(6) We are heralds of Christ. Peter tells us in verse 9 that these identity statements are true of us so that we might “proclaim the excellencies of him who called you out of darkness into his marvelous light.” There is no greater delight and no greater honor than to herald the Gospel. Peter has given us a foundation of our identity and now gives us the unified purpose for those in Christ. We get to tell of the person and work of Jesus Christ – “the excellencies” (verse 9).
(7) We are recipients of mercy from Christ. Peter acknowledges that the Gentiles did not previously know compassion from Christ. They were once not a people. But now they had become the people of God. They had “received mercy” (verse 10) from God. The same is true of us. God has shown us his compassion. He has not given us what we deserve. But instead, we receive his mercy.
Here they are. Seven identity statements for those who are in Christ. And I just love that the last one reminds us that we have received mercy. We have a gracious God who is kind to his children. I hope you don’t have many days filled with crazy talk and believing lies like I did last week. And if and when you do, may you and I be quick to remind us of truth – of who we are in Christ and whose we are as children of God. Be reminded. And be encouraged.
There’s just nothing better. You know that feeling when all of the laundry is done, no emails remain in your inbox, and everything is crossed off your to-do list – and you think, “Yes, I’m nailing it.” If you’re anything like me, you experience this sense of achievement, of completion, of control – and then when your husband, or your boss, or your friend praises you for it, the desire for approval and praise only intensifies.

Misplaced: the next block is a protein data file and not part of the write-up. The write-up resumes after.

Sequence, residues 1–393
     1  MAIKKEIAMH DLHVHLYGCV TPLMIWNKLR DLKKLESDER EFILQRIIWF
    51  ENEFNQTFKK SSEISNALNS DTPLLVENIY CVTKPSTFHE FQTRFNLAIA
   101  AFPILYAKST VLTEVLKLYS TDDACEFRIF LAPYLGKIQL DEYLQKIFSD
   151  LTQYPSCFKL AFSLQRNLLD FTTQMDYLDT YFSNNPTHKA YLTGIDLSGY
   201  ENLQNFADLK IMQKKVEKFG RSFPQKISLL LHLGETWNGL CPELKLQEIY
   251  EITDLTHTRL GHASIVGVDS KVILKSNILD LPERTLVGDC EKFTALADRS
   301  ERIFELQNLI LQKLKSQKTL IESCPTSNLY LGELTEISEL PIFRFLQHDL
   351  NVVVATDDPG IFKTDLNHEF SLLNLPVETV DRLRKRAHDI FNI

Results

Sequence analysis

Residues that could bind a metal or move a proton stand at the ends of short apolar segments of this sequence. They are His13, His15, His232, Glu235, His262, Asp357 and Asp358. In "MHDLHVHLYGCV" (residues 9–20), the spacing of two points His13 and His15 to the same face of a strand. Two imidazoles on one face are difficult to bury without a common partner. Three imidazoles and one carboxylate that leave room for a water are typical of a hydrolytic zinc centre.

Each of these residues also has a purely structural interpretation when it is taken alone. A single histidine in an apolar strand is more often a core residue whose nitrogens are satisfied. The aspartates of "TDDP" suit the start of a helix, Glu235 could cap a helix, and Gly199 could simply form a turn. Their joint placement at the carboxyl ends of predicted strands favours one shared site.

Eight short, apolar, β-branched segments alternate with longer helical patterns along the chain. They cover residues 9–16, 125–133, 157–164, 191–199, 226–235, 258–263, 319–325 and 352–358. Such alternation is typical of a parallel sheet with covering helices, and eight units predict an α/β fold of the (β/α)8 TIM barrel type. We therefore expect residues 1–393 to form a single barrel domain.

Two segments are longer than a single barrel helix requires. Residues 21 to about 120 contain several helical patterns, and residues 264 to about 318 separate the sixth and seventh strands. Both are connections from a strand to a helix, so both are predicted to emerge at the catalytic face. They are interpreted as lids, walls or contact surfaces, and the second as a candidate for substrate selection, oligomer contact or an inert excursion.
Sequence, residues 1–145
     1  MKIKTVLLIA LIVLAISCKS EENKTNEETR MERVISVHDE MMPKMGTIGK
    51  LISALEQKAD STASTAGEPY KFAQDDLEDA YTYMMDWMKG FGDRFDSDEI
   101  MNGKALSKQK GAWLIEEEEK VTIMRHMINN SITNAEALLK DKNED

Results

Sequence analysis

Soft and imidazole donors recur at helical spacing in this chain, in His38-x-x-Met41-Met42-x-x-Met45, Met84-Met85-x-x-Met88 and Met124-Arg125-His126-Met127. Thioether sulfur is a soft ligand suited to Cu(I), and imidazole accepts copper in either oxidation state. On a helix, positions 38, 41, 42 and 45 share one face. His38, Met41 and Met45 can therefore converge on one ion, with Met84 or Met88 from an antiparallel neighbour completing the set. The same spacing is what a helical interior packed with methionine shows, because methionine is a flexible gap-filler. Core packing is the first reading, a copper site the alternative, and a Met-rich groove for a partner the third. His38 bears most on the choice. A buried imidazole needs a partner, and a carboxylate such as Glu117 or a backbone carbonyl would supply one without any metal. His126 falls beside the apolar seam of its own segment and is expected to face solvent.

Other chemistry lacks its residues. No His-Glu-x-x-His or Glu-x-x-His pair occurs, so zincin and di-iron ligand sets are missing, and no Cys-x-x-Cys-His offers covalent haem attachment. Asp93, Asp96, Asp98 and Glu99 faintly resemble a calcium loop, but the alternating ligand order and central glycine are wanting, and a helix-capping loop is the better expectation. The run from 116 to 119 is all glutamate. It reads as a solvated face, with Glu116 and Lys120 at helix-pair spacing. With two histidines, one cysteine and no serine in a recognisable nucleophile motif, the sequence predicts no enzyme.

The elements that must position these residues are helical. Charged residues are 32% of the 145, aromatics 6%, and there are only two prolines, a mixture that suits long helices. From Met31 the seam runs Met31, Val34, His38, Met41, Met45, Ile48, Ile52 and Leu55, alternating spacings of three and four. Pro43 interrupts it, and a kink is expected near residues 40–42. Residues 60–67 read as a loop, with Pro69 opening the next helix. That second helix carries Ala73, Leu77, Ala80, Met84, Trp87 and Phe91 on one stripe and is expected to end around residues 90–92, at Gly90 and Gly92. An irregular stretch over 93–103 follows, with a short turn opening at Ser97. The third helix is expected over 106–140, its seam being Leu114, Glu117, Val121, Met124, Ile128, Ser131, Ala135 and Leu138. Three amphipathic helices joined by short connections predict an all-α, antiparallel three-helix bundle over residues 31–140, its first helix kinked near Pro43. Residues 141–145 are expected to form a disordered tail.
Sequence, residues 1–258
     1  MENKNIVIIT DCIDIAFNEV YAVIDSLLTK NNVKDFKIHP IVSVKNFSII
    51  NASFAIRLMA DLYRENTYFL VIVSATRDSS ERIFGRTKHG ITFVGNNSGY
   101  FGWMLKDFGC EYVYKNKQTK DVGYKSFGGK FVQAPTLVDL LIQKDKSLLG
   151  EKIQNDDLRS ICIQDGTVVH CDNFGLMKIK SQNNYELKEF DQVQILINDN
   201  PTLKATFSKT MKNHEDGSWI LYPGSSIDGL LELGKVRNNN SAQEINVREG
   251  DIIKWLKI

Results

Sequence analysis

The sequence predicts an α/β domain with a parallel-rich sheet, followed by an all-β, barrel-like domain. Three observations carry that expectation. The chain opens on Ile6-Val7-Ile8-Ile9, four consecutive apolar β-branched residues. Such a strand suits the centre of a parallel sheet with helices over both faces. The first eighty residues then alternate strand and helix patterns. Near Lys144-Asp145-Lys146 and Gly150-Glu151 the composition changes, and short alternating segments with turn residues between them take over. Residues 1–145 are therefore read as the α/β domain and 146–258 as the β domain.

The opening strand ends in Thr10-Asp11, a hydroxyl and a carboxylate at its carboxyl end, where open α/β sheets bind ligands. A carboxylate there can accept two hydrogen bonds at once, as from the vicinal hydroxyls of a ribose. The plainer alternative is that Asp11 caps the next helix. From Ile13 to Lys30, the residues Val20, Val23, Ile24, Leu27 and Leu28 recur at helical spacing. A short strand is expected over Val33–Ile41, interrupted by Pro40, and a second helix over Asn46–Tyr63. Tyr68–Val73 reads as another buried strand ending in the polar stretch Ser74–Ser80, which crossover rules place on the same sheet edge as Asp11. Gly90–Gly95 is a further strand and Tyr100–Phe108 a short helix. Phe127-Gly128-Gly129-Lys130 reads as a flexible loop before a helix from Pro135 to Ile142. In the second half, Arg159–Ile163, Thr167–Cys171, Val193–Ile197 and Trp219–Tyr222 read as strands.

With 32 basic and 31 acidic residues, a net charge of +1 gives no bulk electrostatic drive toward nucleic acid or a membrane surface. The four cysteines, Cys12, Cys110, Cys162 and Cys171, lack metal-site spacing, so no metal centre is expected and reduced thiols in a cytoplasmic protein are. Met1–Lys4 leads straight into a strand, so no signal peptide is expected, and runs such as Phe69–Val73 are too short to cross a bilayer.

Maybe I’m taking this a little too far, I tend to do that kind of thing. But my husband recently pointed out how much I thrive to live at inbox zero and seem to do laundry practically every day. Now maybe being a newlywed has something to do with my zeal to daily perform these “wifey duties” with excellence, but I think there’s more there.
In teaching 1 Peter 1:13-25 this week to a lovely group of ladies at our new church called Journey the Way in Wichita, Kansas, it hit me. This is one of my favorite passages of 1 Peter. Why? After all, it is in these verses that Peter references a warlike image of “girding up the loins of our minds” (the Greek translation of verse 13) only then to tell us to “be holy in all your conduct” (verse 15). Thanks, Peter. You create a weird battleground image in my mind only then to set this lofty expectation of holiness that is just downright unattainable for this sinner saved by grace whose heart is still prone to wander.
Now why do I love this passage of 1 Peter? I love these verses that close chapter 1 for several reasons. One of which is how Peter mentions the sustainability and sufficiency of God’s Word. He tells us that the Scriptures are the “living and abiding Word of God” (verse 23). God’s Word is full of life and also full of intimacy. It is both alive and near. And it will never perish.
But if I’m really honest, I primarily love these verses because they are filled with commands. Peter tells us what to do. He gives me the overflowing laundry basket, the full email inbox, and the long list of tasks and says, “Here you go. Go and do. That laundry, those emails, and those to-do items have your name written all over them.”
That said, let’s dig into these verses. Let’s see our task list. But let’s remember that we do not perform to attain the love of God. Jesus Christ performed on our behalf. Instead, as children of God, we seek to walk in obedience not to earn the love of God but instead because we have been embraced by the love of God.
Remember the context, after mentioning obedience in verse 2, Peter tells us now what obedience looks like. In light of everything he already told us in chapter 1 about our vision of our living hope, the apostle tells us how we are to live. This pattern is helpful. Peter tells us the why of our theology before we tells us the what of our actions. Our beliefs lead our behaviors. And we see this here in chapter 1. So get you notepad or journal open. And let’s look at these 5 commands: